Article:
Nationwide over 450,000 student veterans have earned their degrees using the 9/11 benefit since 2009. However, student veterans pursuing a bachelor's degree may take up to two years longer than their nonveteran peers, according to the Department of Veterans Affairs.
"A challenge for student veterans is that as older nontraditional students they are often pulled in multiple directions at the exact same time with school, family, work and health issues," says Ted Barco, director of UGA's SVRC. "Left unaddressed, this has the potential to become a knot of tangled issues — often further tightened through veterans' sense of self-reliance, which at times may work against their long-term interests."
To deal with these issues the SVRC builds responsive networks (such as mentoring programs) with students, faculty, staff, administrators, alumni and community partners.
Another challenge is the transition. Most UGA undergraduate veterans are transfer students coming from schools and colleges across Georgia. Many of them, like Air Force veteran Kyle McReynolds, find the switch to a large and rigorous university like UGA difficult.
"I was a prime example of what we call transfer shock," says McReynolds.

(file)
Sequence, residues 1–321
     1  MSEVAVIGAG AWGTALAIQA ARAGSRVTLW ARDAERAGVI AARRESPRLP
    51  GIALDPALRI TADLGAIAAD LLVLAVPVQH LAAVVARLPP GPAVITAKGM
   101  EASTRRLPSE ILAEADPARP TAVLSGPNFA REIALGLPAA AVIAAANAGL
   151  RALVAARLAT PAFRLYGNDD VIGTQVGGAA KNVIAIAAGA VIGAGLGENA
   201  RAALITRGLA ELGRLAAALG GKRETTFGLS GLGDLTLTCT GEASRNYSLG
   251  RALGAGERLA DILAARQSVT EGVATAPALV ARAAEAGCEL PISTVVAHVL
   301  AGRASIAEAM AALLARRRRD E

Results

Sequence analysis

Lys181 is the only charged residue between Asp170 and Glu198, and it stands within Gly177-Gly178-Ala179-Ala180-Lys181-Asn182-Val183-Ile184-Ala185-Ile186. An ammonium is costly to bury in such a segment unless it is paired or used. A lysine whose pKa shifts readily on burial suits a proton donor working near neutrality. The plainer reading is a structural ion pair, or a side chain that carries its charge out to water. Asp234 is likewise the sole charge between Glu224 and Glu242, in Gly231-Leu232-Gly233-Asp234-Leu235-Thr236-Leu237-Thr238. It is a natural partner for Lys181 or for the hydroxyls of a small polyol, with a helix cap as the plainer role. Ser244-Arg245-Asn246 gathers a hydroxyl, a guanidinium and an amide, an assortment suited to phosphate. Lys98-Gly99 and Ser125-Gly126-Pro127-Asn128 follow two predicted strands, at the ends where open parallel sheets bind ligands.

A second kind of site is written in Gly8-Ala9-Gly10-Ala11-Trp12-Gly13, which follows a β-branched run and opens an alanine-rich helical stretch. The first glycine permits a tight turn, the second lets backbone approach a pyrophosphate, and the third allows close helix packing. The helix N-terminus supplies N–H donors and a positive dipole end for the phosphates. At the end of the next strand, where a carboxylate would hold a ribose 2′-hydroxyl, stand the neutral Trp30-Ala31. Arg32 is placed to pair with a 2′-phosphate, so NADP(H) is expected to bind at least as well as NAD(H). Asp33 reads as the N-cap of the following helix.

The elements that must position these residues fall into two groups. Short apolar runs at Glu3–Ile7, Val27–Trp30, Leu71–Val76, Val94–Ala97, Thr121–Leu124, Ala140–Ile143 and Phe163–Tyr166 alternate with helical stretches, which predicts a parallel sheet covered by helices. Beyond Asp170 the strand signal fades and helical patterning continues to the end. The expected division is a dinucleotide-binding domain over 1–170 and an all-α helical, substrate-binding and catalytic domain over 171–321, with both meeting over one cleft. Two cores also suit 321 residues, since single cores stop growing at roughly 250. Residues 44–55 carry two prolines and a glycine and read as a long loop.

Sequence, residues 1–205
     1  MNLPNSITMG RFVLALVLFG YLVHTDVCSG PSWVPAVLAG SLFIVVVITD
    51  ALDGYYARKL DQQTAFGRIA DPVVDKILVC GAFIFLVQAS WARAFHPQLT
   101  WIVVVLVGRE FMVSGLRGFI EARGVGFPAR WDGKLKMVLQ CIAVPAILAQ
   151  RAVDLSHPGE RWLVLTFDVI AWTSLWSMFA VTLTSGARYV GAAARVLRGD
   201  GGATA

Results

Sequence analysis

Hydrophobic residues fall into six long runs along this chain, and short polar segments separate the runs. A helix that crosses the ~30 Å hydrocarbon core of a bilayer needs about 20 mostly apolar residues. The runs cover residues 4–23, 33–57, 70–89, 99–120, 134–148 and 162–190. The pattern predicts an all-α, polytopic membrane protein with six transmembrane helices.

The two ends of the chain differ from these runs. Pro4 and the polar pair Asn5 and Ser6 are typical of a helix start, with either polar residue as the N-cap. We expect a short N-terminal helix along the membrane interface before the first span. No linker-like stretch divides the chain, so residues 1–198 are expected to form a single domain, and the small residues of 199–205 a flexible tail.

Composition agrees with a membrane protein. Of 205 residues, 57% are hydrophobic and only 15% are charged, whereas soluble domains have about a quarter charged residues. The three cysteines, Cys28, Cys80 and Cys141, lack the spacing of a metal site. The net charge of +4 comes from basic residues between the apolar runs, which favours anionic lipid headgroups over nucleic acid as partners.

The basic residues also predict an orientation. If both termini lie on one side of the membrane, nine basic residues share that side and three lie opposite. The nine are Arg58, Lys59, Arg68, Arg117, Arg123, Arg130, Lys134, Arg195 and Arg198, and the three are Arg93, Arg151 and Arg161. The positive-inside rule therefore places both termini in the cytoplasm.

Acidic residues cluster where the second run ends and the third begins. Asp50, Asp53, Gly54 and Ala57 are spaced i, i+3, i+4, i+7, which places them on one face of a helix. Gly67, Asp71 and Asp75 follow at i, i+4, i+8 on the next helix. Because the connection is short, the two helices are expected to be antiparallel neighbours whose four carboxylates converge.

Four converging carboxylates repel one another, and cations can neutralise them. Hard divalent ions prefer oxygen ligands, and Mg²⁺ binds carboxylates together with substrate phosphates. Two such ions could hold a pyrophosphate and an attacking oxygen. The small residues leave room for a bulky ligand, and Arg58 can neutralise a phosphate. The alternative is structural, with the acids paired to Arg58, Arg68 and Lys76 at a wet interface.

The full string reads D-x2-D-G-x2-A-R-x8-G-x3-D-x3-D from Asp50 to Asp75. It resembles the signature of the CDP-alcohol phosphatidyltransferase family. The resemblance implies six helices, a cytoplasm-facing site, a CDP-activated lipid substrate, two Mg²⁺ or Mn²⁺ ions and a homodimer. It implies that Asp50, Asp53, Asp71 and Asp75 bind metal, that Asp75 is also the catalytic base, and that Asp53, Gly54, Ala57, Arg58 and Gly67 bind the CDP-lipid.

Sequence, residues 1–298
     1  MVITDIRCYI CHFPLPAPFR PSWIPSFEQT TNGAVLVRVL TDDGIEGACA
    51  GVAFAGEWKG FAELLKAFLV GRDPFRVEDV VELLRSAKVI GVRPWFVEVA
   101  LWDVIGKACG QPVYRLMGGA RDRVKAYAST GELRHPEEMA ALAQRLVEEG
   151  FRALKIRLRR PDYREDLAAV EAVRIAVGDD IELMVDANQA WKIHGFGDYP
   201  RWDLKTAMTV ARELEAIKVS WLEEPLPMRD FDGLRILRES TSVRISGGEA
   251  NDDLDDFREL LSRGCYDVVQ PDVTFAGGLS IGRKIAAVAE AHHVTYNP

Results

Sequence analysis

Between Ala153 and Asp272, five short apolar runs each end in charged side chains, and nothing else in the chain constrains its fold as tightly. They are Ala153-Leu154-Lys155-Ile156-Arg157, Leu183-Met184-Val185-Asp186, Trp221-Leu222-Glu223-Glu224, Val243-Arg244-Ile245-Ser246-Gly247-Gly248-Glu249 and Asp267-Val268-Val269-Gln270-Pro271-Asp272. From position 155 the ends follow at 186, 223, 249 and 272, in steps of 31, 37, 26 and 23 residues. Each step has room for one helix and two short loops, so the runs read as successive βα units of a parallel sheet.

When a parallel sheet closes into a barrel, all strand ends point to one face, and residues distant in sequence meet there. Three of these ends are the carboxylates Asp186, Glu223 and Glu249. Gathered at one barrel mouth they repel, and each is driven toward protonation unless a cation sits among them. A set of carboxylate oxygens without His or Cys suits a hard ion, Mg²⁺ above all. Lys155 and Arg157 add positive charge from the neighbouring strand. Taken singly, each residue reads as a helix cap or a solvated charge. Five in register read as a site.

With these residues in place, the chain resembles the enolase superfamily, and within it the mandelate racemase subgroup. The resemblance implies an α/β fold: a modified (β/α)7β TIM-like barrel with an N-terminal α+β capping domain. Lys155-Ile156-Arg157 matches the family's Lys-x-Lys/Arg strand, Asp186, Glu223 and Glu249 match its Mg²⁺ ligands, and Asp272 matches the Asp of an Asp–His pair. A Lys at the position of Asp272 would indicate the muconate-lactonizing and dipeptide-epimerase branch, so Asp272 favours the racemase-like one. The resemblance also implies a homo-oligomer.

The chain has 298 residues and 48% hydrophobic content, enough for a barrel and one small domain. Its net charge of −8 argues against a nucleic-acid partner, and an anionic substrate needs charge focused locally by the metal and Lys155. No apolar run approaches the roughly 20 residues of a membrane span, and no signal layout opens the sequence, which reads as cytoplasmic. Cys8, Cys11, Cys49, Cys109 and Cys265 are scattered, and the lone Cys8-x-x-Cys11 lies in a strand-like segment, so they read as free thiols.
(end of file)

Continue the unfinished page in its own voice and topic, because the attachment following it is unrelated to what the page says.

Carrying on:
In 2014, McReynolds switched from active duty to the Air Force Reserve and transferred from a community college to UGA to work on a business management degree.
The large campus was intimidating, and his classmates were younger and seemed better prepared for the rigors of college, plus McReynolds signed up for a course load that he realized he wasn't ready to handle.
He came to the SVRC for help and found a mentor in Barco, who directed him toward the kinds of financial and academic resources he needed to survive his first semester and acclimate to campus.
Barco, a retired USAF lieutenant colonel, has 32 years of national security experience that includes service with six institutions of higher education.
Part of his mission at UGA is to make the university's robust student services such as financial aid, health services and advising more accessible to student veterans. Through collaborations across multiple divisions and departments, the SVRC has helped bring UGA's comprehensive services to student veterans.
"Ted has an innate ability to reach across the university," says Dean of Students Bill McDonald.
But Barco is not going it alone. In addition to help from UGA faculty, staff, and administrators, the SVRC has relied on student veterans to build programs and to support each other.